The Stryperdijk was a seaweed dike: an earthen dike with a thick cover of seaweed on the seaward side. Under pressure seaweed becomes a hard, solid mass and it was therefore used for dike building.
Outside the Styperdijk there used to be marsh land that was reclaimed in 1603 by surrounding it with a dike. This is how the polder Newland was created, later renamed Stryperpolder. First there was a summer dike, but the sea broke through it regularly and it was made into a heavier winter dike. When in 1688 the sea broke through yet again the dike was not rebuilt and the land left unprotected.
The church trustees of eastern Terschelling rented out this area as pasture.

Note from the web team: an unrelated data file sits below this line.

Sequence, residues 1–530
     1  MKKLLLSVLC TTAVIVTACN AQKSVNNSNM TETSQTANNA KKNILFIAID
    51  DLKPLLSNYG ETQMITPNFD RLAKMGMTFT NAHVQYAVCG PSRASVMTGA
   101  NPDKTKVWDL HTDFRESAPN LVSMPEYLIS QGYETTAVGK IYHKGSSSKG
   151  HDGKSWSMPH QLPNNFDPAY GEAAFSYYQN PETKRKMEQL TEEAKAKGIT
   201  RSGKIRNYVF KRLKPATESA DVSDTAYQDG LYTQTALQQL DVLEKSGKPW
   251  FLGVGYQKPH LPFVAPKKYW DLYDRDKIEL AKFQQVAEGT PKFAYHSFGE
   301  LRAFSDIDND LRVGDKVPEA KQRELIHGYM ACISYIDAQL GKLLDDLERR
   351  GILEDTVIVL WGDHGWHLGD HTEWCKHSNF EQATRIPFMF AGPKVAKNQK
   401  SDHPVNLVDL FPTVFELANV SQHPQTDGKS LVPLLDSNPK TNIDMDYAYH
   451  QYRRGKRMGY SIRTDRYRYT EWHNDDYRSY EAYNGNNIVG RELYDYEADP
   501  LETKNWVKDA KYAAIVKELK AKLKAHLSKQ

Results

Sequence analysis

To protect this cultural and historical heritage for the future the Stryperdijk has been passed over to the Watership Heritage Association in 2013. That same year the dike's profile has been restored and is showing a number of different coverage materials used for building dikes.
An information plaque has been placed explaining the history of the polder dike and the different sorts of stone and other covering materials. The plaque was unvailed on 9 May 2014.
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